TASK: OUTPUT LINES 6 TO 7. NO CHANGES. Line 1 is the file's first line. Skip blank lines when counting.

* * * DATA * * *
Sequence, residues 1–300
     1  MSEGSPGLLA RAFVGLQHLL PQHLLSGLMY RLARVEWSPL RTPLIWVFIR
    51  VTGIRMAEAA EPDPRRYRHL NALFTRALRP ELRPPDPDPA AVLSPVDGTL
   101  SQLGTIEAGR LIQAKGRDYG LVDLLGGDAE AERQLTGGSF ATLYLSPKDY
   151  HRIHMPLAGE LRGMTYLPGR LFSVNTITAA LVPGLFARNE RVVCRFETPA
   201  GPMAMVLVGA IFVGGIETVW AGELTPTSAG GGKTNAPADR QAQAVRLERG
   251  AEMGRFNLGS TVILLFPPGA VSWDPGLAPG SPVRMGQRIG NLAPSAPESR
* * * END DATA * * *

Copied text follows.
   201  GPMAMVLVGA IFVGGIETVW AGELTPTSAG GGKTNAPADR QAQAVRLERG
   251  AEMGRFNLGS TVILLFPPGA VSWDPGLAPG SPVRMGQRIG NLAPSAPESR